I Am Big. It's the Pictures That Got Small

for those wonderful people out there in the dark

18 May 2006

Poetry Thursday: At the Library, Jesse Millner

For my first Poetry Thursday venture, which was to take a field trip and explore through books of poetry in a library or bookstore, I went to my university library and wandered through the PS 3500 and PS 3600 sections, culling through Elizabeth Bishop, Terrance Hayes, and Muriel Rukeyser. But I stopped at a very slim volume.

Oh, before going on, I hope the other Poetry Thursday contributors either bought or checked out the books of poetry, which I think might be the real goal behind this week's assignment.

I unconditionally recommend Jesse Millner's wonderful chapbook, The Drowned Boys, published by March Street Press. Below are the final two sections of his title poem, a long, breezy, associative narrative/meditation, and this exerpt alone does not do the work justice.


from "The Drowned Boys," by Jesse Millner:

The lost shoe woman takes the 151 bus
north on Lake Shore Drive.
On the ride home, she composes a grocery list: deodorant,
granola bars, tofu hot dogs, cat food;
and doesn’t notice the long dream of water to the east
or Lincoln Park to the west.

And all around her the world is quickening.
The statue of Phil Sheridan at Diversey
disappears into dusk and lights come
on in the big apartment buildings
along the eastern edge of the green space
that stretches for miles.

Soon the moon will rise from the waters,
fat and full but shrinking with altitude.

I can tell you now that I’m grateful for my new religion
of moonlight confessions and communion
with yellow cheese.

I take in la luna and I am transubstantiated
from drinking man to spirit.

I confess my sins, of which there are multitudes.

*

Is anyone still listening?

Whitman’s sleep is a moonlit field
near Des Moines.
His poem has become the earth
and his lines are as long
as geologic time.

The lost shoe woman sleeps with her cat
in a canopy bed next to an open window
where white curtains catch the east wind
off the lake and moonlight gleams
on the just-varnished oak floors.
She no longer dreams of a red Converse all-star.

And the drowned boys whisper on humid river nights.
Their muted voices become
the living current.

10 Comments:

At 10:26 AM, Blogger Left-handed Trees... said...

I have another trip to make, it turns out to track down another new poet...these words by Jesse Millner are jarring and surreal. I feel like I'm ambling along through someone else's dream. The "all around her the world is quickening" and "Whitman's sleep is a moonlit field near Des Moines" and "their muted voices become the living current". Thank you(!) for this recommendation...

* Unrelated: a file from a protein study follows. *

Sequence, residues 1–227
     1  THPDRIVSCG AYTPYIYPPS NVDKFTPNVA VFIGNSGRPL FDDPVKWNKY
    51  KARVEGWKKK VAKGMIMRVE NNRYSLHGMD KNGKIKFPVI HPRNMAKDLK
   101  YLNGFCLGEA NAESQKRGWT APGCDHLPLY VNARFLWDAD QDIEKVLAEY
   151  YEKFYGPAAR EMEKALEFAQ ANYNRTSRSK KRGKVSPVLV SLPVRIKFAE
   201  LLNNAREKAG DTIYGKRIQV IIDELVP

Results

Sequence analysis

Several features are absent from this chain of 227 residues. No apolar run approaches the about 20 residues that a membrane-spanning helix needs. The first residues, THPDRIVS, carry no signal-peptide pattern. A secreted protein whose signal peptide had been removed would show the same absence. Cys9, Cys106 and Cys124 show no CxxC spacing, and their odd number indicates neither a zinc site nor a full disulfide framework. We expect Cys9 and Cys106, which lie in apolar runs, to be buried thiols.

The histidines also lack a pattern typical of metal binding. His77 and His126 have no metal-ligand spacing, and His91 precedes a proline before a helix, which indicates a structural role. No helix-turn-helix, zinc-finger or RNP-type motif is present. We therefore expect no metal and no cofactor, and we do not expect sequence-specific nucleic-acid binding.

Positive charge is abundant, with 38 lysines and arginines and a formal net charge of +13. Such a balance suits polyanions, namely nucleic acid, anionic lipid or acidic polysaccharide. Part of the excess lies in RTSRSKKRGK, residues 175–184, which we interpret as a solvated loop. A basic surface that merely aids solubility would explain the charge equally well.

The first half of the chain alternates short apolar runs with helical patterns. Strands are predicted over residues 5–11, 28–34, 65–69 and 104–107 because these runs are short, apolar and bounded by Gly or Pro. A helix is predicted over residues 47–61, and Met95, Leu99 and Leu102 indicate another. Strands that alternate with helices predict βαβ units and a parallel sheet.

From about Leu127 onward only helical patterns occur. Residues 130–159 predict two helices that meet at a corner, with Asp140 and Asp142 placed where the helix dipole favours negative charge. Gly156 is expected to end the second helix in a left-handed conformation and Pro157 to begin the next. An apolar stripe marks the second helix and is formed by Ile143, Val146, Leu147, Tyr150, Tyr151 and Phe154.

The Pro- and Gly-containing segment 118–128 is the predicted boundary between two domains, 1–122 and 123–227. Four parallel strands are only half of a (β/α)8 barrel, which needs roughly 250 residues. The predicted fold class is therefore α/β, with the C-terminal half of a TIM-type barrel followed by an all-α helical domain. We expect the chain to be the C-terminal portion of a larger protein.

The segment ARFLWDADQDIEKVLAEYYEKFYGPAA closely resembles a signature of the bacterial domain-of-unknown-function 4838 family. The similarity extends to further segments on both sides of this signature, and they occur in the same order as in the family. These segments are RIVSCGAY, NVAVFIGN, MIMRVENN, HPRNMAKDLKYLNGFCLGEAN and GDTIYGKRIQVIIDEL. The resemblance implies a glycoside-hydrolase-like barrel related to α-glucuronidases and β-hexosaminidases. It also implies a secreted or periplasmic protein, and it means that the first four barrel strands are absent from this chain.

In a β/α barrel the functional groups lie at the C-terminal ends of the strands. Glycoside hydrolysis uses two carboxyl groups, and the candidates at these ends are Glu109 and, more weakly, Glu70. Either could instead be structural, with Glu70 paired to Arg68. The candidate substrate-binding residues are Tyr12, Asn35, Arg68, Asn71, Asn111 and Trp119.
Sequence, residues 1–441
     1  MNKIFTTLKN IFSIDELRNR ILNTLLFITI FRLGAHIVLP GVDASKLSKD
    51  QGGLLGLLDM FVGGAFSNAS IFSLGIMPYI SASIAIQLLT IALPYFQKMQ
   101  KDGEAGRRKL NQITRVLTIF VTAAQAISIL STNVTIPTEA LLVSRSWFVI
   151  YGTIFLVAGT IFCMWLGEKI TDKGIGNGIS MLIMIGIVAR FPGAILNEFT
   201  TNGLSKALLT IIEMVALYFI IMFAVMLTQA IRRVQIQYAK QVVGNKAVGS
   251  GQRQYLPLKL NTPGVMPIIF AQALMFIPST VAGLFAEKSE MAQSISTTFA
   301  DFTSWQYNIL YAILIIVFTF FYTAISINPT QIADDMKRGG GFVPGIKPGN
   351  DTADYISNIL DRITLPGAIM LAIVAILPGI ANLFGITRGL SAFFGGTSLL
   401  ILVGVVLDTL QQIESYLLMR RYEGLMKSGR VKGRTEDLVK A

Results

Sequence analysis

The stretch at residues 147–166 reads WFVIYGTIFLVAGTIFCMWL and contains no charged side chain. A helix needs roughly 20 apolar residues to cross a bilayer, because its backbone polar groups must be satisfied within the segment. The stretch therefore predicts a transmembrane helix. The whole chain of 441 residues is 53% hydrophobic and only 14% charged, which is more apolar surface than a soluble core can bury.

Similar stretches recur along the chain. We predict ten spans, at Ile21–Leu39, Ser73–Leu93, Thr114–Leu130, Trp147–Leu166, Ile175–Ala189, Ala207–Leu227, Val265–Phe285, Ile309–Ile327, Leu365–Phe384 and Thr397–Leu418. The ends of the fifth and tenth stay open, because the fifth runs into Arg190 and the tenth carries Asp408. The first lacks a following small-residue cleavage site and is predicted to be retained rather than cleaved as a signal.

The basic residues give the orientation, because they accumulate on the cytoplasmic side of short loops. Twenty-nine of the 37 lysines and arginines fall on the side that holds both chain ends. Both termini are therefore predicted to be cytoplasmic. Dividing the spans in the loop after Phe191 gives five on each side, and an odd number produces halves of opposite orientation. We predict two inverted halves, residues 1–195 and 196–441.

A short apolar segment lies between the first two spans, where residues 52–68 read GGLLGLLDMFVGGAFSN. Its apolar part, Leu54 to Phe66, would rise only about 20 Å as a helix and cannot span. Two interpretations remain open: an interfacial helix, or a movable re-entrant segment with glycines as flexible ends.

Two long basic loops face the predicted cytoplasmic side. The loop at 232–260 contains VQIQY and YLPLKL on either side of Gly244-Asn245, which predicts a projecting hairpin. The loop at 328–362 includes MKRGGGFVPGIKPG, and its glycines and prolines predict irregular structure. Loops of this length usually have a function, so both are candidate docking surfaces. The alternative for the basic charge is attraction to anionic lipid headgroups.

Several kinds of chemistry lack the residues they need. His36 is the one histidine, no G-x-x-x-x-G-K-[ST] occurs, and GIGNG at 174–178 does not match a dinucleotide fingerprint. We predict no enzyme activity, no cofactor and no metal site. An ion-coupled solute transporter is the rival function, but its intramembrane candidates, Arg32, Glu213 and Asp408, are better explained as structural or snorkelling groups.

At 10:39 AM, Blogger Dana said...

Transubstantiated, eh? That's a hard word to pull off in a poem, but judging from the excerpt ~ I'd have to see the entire poem to say for sure ~ I think it works.

Thanks for sharing this excerpt and talking about your excursion to the library.

 
At 10:47 AM, Blogger AscenderRisesAbove said...

Found you here from Poetry Thursday; interesting poem. Is Whitman really sleeping in a field near Des Moines... a fascinating thought

 
At 11:02 AM, Blogger vicci said...

Oh...I really love....
I take in La luna and I am transubstantiated.
What a wonderful line....I liked the whole entire poem. Thanks for posting!

 
At 12:18 PM, Blogger liz elayne said...

long ago i used to take the 151 bus to and from work every single day. this excerpt put me right back there but with a different view. thank you for sharing this and introducing me to this poet.

(and you are right - i was hopeful that people might begin to build their own library or support the one in their town...being so moved by the words they would find that they would have to take them home.)

 
At 2:38 PM, Blogger pepektheassassin said...

Good one!

 
At 4:31 PM, Blogger bb said...

Thanks for posting this, it is long and rambling yet manages to maintain a focus through themes of loss, dreams, bodies of water and transformation.
I've been working in quite closed forms recently. This makes me yearn to break out a little from their safety.

Good to hear about your library visit too. I checked out eight volumes, which I've been carrying around, shuffling like cards between them. There is an advantage to having no more room on my bookshelves- it makes me carry new volumes about my person.

And thanks for commenting today, and leading me back here!

 
At 6:19 PM, Blogger Tammy said...

I wish I could do field trips, but I'm finding so many treats right here in "Poetry Thursday."

Thanks for sharing :)

 
At 1:33 PM, Blogger Bogart said...

Life passes by and we don't see it anymore. I rode this train and enjoyed it. Thank you.

 
At 10:04 AM, Anonymous Anonymous said...

Nice! Where you get this guestbook? I want the same script.. Awesome content. thankyou.
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